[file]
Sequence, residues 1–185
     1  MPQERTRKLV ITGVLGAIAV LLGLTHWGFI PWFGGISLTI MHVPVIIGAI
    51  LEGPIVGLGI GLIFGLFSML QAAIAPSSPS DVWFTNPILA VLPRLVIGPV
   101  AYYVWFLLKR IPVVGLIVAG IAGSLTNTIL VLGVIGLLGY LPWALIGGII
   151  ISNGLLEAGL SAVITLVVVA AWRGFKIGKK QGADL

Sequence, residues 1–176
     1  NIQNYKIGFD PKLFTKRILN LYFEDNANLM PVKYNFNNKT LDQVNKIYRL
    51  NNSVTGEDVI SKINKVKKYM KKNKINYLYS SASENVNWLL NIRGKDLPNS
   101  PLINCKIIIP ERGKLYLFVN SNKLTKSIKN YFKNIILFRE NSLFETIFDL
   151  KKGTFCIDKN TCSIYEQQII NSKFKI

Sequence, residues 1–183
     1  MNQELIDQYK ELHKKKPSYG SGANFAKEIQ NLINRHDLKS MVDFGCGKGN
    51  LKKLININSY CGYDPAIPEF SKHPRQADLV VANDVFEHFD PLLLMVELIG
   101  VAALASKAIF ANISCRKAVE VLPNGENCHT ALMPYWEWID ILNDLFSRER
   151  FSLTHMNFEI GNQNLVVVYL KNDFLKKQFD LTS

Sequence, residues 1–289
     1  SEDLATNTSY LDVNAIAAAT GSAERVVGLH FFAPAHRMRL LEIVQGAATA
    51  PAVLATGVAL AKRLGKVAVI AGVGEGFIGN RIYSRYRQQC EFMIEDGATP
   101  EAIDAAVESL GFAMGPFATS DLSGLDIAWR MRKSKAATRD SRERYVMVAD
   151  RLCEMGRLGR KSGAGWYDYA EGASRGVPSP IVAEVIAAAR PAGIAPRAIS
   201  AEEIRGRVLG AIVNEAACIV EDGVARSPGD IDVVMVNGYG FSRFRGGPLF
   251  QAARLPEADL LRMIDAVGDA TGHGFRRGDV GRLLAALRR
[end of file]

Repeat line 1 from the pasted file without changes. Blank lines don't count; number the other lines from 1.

Sequence, residues 1–185